Thomson/Hall wrote, "In retrospect it was clearly a masterstroke to invite Farren to head the technical team responsible for the Vulcan project. Before Farren's arrival A.V.Roe had employed a few highly skilled or experimental scientific engineers... They had no wind tunnel, no aerodynamics or flight development departments and it was these shortcomings that were perceived and remedied by Farren." George P. Thomson and Arnold A. Hall, Biographical Memoirs of Fellows of the Royal Society Vol. 17 (Nov., 1971), p. 233

Click here to see a news report about the Duke of Edinburgh's visit to learn more about the Vulcan Project in 1958.



In 1954 Farren oversaw the initial development of the Blue Steel missile (Photo - Wikipedia, Public Domain) and it's integration into the Vulcan, as part of Britain's nuclear defence. This project was plagued with uncertainty about the actual size and weight of the proposed boosted fission warhead Green Bamboo, but was finally launched in 1962 after Farren had retired.

Blue Steel missile

Also in 1954, following three de Havilland Comet disasters, Sir William was appointed as one of three assessors to the Court of Inquiry under Lord Cohen, leading to a significant report in the development of civil aircraft safety. The de Havilland Comets had crashed as a result of metal fatigue. The intensive investigation at Farnborough identified this fatigue as originating from the corner of a window. It was discovered that square windows resulted in very high stresses at the corners resulting in rapid deterioration and eventual breakup of the fuselage.  A legacy of Sir William and the team led by Sir Arnold Hall was that future airliners were much safer; always built with oval windows.More information here and here.

Sir William retired in 1961. Lady Carol Farren, who had been in poor health for several years, died in February 1963.  In October, Sir William married my great aunt, Mildred Hooke OBE, formerly headmistress of Bradford Grammar School.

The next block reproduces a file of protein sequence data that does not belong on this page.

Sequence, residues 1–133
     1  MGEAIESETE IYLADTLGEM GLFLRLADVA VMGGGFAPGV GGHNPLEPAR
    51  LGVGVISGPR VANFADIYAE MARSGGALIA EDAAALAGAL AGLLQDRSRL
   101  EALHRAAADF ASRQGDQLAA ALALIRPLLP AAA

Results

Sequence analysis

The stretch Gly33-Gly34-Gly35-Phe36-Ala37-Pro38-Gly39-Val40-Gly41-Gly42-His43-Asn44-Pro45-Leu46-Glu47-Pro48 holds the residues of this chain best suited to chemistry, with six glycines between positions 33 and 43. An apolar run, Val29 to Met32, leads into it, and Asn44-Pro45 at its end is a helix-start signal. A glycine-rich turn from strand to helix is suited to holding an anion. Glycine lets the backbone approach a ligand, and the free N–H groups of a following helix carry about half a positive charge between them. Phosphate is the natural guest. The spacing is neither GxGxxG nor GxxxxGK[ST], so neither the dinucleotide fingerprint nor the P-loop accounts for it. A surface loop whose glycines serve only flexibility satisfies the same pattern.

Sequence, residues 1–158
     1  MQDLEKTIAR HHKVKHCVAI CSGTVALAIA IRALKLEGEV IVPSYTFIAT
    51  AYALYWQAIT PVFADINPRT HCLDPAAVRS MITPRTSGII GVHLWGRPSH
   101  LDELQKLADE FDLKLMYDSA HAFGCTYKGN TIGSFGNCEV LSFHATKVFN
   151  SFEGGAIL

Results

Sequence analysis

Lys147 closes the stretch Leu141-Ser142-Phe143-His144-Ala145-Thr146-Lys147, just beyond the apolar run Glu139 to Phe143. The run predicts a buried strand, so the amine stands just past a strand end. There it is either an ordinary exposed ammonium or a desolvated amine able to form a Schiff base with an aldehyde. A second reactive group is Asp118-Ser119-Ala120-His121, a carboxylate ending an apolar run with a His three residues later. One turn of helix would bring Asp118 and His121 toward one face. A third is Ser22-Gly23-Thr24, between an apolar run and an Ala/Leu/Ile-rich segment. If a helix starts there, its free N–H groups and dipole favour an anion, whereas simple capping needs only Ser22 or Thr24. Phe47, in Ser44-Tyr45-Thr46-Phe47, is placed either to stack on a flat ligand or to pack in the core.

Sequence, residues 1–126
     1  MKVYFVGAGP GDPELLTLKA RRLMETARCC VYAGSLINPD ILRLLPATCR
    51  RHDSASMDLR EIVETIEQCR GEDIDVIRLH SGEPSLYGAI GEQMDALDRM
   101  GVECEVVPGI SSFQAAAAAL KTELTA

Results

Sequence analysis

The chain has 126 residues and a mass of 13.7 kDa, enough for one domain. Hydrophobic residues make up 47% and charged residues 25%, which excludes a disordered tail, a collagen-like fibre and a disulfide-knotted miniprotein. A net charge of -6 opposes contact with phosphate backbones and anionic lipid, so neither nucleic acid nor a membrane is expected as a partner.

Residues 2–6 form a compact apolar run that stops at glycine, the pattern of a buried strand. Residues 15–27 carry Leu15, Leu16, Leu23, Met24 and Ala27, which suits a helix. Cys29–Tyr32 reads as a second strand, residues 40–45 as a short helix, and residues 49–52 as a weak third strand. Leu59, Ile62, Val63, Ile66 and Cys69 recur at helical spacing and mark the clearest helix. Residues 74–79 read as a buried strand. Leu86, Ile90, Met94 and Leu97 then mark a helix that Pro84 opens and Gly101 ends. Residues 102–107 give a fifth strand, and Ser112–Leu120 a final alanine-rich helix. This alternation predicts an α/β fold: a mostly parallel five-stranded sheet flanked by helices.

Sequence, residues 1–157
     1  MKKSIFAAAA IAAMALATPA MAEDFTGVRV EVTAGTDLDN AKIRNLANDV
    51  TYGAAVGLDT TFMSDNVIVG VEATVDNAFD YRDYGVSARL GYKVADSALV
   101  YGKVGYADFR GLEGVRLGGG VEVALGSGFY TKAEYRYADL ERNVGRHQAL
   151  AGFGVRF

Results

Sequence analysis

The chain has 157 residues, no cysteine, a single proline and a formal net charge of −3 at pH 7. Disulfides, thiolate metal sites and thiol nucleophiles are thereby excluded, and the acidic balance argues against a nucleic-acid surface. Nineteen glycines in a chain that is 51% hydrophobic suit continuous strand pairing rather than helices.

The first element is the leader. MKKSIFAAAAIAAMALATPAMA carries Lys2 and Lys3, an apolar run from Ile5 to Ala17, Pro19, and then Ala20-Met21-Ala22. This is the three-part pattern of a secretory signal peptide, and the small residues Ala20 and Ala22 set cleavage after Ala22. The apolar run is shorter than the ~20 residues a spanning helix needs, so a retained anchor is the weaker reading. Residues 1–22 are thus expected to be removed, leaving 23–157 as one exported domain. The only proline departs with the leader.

William and Mildred - Wedding Photos, October 1963
FarrenMIldred at church doorFarrenMildred family groupFarrenMIldred in garden














Mildred devoted herself to looking after Sir William as his health failed over a perid of five years, until his death on 3rd July 1970.

Jonathan Jones was a 21 year old nurse in 1969, employed by Lady Farren to assist in Sir William's care. He has kindly written an account of his experience at the Farren's home, Crossways Cottage, Kingston. You can read it on this page about Lady Farren.

The Hooke family connection with Sir William appears to date back to Farren's time at Cambridge University before WW1, when he first became friends with Mildred Hooke. This family connection was also given very helpful expression for the benefit of my father, George Hooke, shortly after WW2, when he, aged 22, recently demobbed, was exploring career options. George's father, Cyril Hooke (MIldred's brother), wrote to William Farren (not yet knighted), seeking advice for his son. William wrote back at length, including a potential job offer, and paved the way for my father George to begin a career in aviation engineering. A transcript, of Cyril's letter to George, quoting Farren varbatim, as shown below, can be read here.

{imageshow sl=19 sc=18 /}


William Farren - Overview